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I am posting a C# example of extension usage, to make my question more clear. I have a simple class called Parameter with two properties: a key and a value. And I am extending the List of Parameters to be able to check if a certain key is contained in the List:

Parameter Class:

public class Parameter
{
    private String key { get; set; }
    private String value { get; set; }
}

Parameter Extension Class:

public static class ParameterListExtension
{
    public static bool contain(this List<Parameter> parameters, String key)
    {
        foreach (Parameter parameter in parameters) {
            if (parameter.key.Equals(key)) { return true; } }
        return false;
    }
}

Usage of Extension:

List<Parameter> parameters = getParameters();
if (parameters.contain("myParameter")) { ... }

Can this be done in Java?

marked as duplicate by SynerCoder, chrylis, David Arno, Mark Rotteveel, fedorqui Sep 24 '13 at 15:29

This question has been asked before and already has an answer. If those answers do not fully address your question, please ask a new question.

  • No this can't be done in Java. – Rohit Jain Sep 24 '13 at 9:30
  • Java 8 seems to have something with the same name but very different meaning: codingndesign.com/blog/?p=413 To me this interface simply looks like an abstract class... – Daniel Hilgarth Sep 24 '13 at 9:36
up vote 1 down vote accepted
public class ParameterListExtension
{
  public static boolean contain(List<Parameter> parameters, String key)
  {
    for(Parameter parameter:parameters)
      if(parameter.key.equals(key)) return true;
    return false;
  }
}

import static ParameterListExtension.contain;
…
List<Parameter> parameters = getParameters();
if(contain(parameters, "myParameter")) { ... }

I don’t see the advantage of obfuscating where the method came from and pretending it was an instance method of the list.

  • 12
    Have a look at LINQ and how it would look like without extension methods. This should show the advantage. It certainly isn't about obfuscation. – Daniel Hilgarth Sep 24 '13 at 9:45
  • 1
    There is no LINQ in Java. And the idea of LINQ is questionable too, but that’s out of the scope of the question. The question was about extension methods and nothing else. – Holger Sep 24 '13 at 9:47
  • 1
    "I don’t see the advantage of obfuscating where the method came from and pretending it was an instance method of the list." Because it keeps you from parenthesis pile-up and distancing between a method name and its parameters, as seen in e.g.: import static ListExtensions.*; var unitNames = JoinUsing(Select(Where(list, a=>a.type == "unit"), a=>a.name), " "); Compare to the C#: using ListExtensions; var unitNames = list.Where(a=>a.type == "unit").Select(a=>a.name).JoinUsing(" "); – Venryx Aug 9 '16 at 3:48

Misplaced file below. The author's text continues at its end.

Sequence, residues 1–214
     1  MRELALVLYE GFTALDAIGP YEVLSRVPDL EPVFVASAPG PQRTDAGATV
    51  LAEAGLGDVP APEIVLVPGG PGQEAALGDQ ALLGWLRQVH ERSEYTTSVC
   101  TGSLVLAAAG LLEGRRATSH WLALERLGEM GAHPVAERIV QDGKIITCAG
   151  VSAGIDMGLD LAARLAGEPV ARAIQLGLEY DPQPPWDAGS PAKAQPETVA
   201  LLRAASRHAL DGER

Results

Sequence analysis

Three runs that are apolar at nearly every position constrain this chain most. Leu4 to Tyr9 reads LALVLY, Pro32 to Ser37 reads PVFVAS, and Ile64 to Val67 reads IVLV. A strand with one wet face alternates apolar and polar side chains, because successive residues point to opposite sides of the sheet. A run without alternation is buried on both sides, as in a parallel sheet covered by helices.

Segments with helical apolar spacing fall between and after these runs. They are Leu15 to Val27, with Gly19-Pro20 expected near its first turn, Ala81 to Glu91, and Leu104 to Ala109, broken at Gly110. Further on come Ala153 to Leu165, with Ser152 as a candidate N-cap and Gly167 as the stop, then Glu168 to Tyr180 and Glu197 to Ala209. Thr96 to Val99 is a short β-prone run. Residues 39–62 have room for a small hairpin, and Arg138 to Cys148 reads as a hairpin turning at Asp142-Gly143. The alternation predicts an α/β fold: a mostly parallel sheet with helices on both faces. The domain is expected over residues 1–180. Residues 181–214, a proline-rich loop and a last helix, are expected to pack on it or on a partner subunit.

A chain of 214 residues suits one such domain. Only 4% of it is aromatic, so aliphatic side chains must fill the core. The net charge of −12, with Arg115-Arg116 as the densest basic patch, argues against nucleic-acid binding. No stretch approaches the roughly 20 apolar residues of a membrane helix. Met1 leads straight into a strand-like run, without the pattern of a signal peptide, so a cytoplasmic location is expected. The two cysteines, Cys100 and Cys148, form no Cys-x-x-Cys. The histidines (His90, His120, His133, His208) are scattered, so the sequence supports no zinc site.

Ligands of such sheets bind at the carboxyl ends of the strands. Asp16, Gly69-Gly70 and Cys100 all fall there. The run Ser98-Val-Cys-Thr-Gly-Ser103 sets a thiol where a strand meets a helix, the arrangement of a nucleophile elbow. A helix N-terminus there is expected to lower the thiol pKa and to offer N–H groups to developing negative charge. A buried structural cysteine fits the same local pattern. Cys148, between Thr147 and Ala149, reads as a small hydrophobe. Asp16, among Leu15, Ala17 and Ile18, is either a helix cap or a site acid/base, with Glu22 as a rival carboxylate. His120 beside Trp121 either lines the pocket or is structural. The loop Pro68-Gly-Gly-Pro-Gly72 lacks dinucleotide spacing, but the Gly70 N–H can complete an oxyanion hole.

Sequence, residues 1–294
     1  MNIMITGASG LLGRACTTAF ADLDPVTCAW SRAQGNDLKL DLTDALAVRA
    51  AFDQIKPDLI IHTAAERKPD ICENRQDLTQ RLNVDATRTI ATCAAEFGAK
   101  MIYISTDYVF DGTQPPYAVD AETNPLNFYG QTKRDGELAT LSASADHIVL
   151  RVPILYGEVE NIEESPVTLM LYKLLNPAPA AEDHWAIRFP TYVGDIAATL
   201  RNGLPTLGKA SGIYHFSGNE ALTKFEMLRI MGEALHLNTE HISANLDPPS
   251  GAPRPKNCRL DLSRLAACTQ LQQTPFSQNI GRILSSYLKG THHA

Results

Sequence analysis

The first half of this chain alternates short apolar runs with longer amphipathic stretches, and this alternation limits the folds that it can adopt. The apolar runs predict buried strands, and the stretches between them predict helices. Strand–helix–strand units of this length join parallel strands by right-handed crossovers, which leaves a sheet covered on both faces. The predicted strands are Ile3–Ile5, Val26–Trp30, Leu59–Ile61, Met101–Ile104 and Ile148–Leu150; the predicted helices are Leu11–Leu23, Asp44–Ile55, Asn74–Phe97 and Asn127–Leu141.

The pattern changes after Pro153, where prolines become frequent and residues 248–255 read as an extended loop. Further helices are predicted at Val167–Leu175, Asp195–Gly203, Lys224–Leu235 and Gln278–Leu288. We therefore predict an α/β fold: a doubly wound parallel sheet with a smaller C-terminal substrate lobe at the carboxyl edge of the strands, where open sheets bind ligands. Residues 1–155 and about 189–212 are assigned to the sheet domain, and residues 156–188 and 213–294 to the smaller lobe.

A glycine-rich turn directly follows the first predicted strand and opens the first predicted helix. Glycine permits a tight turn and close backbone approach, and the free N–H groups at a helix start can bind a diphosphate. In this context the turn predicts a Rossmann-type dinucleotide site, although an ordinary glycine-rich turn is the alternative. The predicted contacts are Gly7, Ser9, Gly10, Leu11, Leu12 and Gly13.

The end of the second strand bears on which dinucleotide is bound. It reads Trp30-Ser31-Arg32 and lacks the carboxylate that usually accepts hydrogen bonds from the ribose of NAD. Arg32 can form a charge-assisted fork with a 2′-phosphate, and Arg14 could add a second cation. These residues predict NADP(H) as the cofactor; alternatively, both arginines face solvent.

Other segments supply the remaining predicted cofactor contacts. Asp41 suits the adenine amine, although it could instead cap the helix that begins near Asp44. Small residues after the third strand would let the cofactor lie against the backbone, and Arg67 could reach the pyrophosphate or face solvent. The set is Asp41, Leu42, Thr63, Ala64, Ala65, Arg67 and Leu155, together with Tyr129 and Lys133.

• @Venryx: tell that LISP developers ;-) Seriously, if you want to support chainable operations (in Java) you should simply return a custom type from the first method rather than a type that will again require an “extension method”… – Holger Aug 16 '16 at 8:29

There is an extension to Java, called Xtend, that adds support for extension methods (among other features). Some of the features of Xtend are supposed to come with Java 8. In my experiance, Xtend is sometimes nice, especially when writing tests, but the tool support in Ecplise is far worse than for pure Java. As far as I know there are no other IDEs supporting Xtend.

In Java 7 and earlier, there is no way to do this as described. The solution is to use a "helper" class as described in the other answers.

In Java 8, you can "sort of" do this using default methods. Consider the following:

public interface Parameter {
    // getters and setters
}

public class ParameterImpl implements Parameter {
    // Implements the getters and setters and the state variables.
}

Now suppose that we modify the Parameter as follows:

public interface Parameter {
    // getters and setters as before

    public default boolean contain(this List<Parameter> parameters, String key) {
        // (Do not copy this!  There are better ways to code this in Java 8 ...
        //  ... but that is beside the point.)
        for (Parameter parameter : parameters) {
            if (parameter.getKey().equals(key)) { 
                 return true; 
            } 
        }
        return false;
    }
}

We can make this change to the interface (in the forward direction) without modifying the classes that implement the interface, and without breaking binary compatibility.

Of course, this only works if we had the foresight to create a separate interface and class. (But if we didn't do that, I would have thought is was no a "big deal" to modify the Parameter class to add the extension method.)

  • This code does not compile. The default method signature should be default boolean contain(List<Parameter> parameters, String key) {. It's probably better to write it this way: static boolean contains(List<Parameter> parameters, String key) { return parameters.stream().anyMatch(p->p.getKey().equals(key)); } – ngreen Sep 3 '14 at 18:01
  • @ngreen - I fixed the compilation error. Thanks. – Stephen C Sep 3 '14 at 22:33
  • Is this in the method parameter used the same in Java 8 as in C#? – Arturo Torres Sánchez Oct 23 '14 at 15:49

There is no such mechanism in Java to extend the behavior of a defined class out of your control. Alternatively, helper class and interface can be defined and used, though they don't 100% serve the purpose especially when visibility is a concern.

  • Extension methods extend a type. So, they can also be use to extend behavior of objects implementing an interface. – Tom Blodget Sep 24 '13 at 10:39

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